Macbeth meets music

Next term Year 9 will be taking a look at rap and trying their hand at writing their own. By way of an introduction they have spent the last few lessons examining the relationship between words and music and the impact that the latter can have on atmosphere and meaning. Their brief was to choose one of two extracts from Macbeth and come up with music to accompany the reading of the extract that would set the scene, track the text and enhance the atmosphere. Interestingly, all except one group chose to use a predominantly string sound for their music and the general consensus was that it conveyed an appropriately dark mood.

You can listen to three examples of their work here. Two were composed on GarageBand and one was performed live on the piano.

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Encounters with Indonesian music

Year 7 were put through their paces this week when they learnt how to play traditional Indonesian music in a workshop at Cambridge University Music Faculty. The gamelan, as it is called, refers to the whole group of instruments, rather like our word ‘orchestra’. Gamelan comprises a range of different sized gongs, metallophones and drums; the latter are played with the hands whilst the gongs and metallophones are struck with mallets.
Much of the music is based on pentatonic scales and is learned orally rather than being notated. This meant our Year 7 students had to remember the patterns of notes they were taught and listen to everyone else in the group really carefully in order to stay in time.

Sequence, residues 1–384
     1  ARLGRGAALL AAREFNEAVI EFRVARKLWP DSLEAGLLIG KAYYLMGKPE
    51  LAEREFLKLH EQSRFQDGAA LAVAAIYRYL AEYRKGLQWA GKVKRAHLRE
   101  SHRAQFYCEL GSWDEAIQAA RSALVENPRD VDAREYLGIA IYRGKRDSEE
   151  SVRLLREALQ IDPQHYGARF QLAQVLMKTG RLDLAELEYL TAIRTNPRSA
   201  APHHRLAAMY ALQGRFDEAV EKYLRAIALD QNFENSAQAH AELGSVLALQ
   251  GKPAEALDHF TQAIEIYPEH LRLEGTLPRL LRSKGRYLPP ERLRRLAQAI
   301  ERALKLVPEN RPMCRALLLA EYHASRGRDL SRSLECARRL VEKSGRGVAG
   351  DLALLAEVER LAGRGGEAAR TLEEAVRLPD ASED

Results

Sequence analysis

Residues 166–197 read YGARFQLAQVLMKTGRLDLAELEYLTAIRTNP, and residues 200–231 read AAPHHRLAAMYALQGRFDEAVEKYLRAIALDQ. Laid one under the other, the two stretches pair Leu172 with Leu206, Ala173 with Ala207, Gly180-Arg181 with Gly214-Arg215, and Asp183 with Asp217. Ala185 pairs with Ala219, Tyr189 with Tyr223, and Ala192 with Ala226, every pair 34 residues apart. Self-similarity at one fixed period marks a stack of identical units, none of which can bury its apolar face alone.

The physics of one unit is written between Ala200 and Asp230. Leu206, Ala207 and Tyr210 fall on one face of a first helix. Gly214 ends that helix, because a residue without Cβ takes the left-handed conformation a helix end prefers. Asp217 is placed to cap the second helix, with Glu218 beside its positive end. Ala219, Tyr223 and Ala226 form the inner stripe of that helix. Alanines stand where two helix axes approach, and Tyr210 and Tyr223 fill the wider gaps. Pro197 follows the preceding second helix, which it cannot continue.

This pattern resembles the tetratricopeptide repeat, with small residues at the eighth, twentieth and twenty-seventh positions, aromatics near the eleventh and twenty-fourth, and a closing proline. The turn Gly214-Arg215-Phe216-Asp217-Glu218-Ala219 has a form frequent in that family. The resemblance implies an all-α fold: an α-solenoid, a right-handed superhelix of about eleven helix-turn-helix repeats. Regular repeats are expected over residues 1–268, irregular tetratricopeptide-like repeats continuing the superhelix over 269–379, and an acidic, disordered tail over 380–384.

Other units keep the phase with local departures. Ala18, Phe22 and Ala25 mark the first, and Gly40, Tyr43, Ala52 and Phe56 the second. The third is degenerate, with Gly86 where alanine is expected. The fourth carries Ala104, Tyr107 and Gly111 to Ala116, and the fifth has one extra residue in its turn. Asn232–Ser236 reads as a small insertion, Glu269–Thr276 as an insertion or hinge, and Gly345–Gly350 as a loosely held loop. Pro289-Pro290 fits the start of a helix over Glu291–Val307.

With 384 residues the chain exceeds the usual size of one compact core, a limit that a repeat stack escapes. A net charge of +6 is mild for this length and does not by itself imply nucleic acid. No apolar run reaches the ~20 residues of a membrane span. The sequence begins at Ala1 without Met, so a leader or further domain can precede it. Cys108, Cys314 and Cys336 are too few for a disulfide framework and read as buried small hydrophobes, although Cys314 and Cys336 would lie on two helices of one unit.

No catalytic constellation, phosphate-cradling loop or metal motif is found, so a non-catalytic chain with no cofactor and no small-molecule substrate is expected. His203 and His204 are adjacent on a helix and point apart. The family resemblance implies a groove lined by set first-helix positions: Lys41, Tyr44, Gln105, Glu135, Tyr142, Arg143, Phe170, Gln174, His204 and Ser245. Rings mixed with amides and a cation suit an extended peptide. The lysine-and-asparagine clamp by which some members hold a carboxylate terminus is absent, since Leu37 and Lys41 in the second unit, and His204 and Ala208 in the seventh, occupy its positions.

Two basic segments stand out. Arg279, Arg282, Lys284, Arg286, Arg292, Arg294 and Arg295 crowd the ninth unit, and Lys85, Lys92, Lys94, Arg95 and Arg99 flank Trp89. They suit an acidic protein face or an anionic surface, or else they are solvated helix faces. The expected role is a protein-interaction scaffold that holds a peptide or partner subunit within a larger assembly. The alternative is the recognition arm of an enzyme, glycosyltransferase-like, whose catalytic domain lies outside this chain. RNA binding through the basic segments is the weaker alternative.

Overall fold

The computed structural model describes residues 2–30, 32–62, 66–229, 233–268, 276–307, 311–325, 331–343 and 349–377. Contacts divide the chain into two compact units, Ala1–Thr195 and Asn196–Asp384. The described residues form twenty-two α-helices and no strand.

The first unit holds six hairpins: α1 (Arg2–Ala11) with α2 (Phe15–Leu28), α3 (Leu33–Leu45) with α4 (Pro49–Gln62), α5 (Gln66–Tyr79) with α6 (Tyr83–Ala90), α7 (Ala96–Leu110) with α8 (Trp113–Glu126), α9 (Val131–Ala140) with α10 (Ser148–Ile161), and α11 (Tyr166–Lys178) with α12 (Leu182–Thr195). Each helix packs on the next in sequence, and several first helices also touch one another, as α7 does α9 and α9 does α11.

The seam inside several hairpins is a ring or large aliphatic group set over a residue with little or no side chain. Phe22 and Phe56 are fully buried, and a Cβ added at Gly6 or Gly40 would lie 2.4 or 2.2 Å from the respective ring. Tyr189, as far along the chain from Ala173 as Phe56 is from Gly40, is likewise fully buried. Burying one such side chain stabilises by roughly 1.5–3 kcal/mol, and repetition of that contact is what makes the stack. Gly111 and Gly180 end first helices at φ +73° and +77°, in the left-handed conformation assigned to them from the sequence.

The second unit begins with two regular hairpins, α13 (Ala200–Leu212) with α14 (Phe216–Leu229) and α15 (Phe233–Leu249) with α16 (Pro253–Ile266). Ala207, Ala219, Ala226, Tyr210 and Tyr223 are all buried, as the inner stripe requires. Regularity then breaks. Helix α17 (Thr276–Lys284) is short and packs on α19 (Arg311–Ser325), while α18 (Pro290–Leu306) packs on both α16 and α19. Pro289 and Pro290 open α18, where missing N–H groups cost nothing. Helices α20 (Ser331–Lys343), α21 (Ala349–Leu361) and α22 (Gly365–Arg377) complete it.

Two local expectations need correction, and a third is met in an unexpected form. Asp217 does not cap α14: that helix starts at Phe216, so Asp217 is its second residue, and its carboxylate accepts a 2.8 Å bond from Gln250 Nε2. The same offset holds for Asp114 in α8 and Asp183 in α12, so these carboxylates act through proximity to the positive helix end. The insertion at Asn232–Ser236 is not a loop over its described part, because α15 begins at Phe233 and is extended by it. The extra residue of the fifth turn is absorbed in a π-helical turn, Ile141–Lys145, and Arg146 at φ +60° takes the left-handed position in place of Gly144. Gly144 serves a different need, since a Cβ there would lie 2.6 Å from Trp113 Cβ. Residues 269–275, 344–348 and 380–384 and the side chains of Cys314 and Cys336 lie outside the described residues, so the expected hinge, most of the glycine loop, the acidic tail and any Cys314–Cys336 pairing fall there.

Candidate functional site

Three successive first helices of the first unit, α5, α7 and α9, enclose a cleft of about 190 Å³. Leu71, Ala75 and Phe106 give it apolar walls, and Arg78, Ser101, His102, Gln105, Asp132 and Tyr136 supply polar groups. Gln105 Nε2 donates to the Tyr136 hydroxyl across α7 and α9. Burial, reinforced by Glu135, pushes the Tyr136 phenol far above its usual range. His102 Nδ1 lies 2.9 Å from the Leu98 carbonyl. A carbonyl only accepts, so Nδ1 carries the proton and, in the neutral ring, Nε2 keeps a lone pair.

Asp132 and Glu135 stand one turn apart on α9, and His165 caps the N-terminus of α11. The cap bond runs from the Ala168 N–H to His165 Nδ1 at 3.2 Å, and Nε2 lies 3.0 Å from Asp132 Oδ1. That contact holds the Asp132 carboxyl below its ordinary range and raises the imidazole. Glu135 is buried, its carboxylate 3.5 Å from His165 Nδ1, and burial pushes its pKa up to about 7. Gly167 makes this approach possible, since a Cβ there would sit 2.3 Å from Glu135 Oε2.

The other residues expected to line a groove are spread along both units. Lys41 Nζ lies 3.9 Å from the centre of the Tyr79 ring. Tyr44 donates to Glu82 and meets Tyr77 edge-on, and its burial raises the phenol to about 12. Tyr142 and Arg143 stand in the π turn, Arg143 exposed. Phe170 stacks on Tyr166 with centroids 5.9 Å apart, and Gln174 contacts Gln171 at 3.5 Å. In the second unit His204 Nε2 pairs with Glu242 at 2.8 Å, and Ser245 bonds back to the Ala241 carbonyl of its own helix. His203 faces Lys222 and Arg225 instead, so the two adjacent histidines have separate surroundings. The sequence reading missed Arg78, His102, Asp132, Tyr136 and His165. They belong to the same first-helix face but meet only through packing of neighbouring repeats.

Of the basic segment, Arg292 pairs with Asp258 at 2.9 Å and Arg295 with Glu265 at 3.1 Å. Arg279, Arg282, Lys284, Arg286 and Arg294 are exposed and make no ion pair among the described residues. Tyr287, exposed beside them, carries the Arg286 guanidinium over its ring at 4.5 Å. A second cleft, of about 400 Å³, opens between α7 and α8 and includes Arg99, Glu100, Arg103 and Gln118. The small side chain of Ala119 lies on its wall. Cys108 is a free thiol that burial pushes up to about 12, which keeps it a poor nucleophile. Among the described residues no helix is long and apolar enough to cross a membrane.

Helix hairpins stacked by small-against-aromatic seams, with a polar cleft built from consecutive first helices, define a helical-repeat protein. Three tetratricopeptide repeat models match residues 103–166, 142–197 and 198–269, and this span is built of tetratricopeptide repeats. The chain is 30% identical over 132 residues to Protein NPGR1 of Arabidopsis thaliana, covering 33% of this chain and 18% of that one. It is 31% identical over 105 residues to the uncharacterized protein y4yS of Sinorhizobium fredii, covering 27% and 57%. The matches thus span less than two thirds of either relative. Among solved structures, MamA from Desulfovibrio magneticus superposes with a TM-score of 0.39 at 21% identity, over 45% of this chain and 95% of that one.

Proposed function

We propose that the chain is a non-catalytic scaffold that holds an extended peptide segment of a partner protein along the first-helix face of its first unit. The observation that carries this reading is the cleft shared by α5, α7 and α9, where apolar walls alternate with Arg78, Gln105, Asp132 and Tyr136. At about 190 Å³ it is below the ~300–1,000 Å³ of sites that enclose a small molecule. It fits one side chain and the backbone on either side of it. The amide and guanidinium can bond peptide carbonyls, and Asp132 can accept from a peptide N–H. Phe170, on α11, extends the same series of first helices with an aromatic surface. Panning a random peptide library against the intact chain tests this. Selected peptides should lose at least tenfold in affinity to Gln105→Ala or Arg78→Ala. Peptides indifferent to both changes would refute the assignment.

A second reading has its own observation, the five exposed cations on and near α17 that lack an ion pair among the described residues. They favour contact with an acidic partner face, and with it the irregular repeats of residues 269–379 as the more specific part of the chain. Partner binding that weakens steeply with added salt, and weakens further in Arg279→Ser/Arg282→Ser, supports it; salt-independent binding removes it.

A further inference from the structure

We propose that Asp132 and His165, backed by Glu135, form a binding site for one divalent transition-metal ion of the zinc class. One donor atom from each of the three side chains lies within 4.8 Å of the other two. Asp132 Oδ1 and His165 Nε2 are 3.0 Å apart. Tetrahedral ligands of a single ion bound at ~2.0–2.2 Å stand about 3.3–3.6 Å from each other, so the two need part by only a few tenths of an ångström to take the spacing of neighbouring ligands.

Here are a few photos and clips of them in action:
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It’s all in your head

Just before Christmas the year 11 GCSE Drama students received their pre-released material. They had to devise a piece of original drama based on one of three stimuli. The students chose a black and white photograph of a young boy smiling, with a blurred figure in the background over his shoulder.

The end result was a challenging and thought provoking look into mental health, schizophrenia and the devastating effects that can occur.

Please be aware that there is some swearing within this performance, which is in context as a piece of GCSE coursework.